EQ Radio may in future be used on your computer or smartphone to detect if you’re happy or sad.
Researchers at Massachusetts Institute of Technology MIT’s Computer Science and Artificial Intelligence Laboratory have created a device that can read human emotions using wireless signals.
The EQ Radio reads delicate changes in breathing and heart rhythms to figure out if a person is happy, excited, angry or sad.
The device measures heartbeats like an ECG monitor with a margin of error of 0.3 percent. It then analyzes the waveforms within each heartbeat to determine the person’s emotion.
They say it could one day be used by film studios and advertising agencies to gauge audience reaction, in homes to adjust temperature based on mood, or in healthcare.
Project lead Dina Katabi, who co-wrote a paper on the topic with PhD students Mingmin Zhao and Fadel Adib, said “Our work shows that wireless signals can capture information about human behavior that is not always visible to the naked eye.”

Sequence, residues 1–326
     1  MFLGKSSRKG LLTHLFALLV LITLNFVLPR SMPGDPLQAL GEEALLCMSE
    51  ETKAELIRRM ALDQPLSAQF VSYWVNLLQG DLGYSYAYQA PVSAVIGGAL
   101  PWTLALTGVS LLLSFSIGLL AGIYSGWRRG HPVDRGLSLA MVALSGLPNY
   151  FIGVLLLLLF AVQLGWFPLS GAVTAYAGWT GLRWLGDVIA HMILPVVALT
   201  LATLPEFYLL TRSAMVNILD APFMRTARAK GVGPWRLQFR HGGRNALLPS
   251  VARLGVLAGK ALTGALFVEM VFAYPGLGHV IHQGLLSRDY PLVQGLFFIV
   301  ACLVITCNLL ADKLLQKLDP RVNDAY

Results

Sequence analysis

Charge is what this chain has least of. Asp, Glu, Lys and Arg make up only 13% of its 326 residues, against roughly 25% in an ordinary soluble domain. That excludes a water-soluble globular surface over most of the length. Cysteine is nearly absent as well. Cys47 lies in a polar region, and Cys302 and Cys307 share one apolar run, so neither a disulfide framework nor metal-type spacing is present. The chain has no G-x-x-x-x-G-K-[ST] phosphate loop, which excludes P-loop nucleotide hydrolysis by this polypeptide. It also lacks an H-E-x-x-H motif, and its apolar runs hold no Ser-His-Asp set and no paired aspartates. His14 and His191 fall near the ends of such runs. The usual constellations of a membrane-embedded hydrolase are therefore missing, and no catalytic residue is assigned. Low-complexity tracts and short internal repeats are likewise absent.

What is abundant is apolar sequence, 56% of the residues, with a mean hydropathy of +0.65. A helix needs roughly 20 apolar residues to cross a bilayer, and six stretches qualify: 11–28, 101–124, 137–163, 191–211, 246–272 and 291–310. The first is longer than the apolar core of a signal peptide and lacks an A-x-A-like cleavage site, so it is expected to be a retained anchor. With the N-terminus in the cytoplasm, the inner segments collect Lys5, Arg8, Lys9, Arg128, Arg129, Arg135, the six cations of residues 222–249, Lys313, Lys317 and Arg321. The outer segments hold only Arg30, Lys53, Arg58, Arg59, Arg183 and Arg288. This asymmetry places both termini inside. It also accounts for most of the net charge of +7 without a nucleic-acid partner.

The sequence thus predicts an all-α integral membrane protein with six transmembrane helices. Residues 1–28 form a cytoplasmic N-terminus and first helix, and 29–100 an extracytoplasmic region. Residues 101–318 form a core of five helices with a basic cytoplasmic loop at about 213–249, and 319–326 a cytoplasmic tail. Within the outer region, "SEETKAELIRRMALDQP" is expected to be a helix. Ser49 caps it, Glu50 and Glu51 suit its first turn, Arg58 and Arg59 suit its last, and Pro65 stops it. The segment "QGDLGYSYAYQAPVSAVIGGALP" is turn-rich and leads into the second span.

“We believe that our results could pave the way for future technologies that could help monitor and diagnose conditions like depression and anxiety.”
The EQ Radio sends wireless signals that bounce off the person’s body. The device’s beat-extraction processes then break the signals into individual heartbeats. It then analyzes the delicate changes in the heartbeat intervals to determine the person’s level of excitement and positive affect.
EQ Radio brags a precision rate of 87 percent in detecting human feelings. Since the device’s algorithm can capture the heartbeat in waveform, it shows promise in helping with non-invasive health monitoring and in diagnostic settings.
MIT’s team plans to present the EQ Radio at a mobile computing conference next month.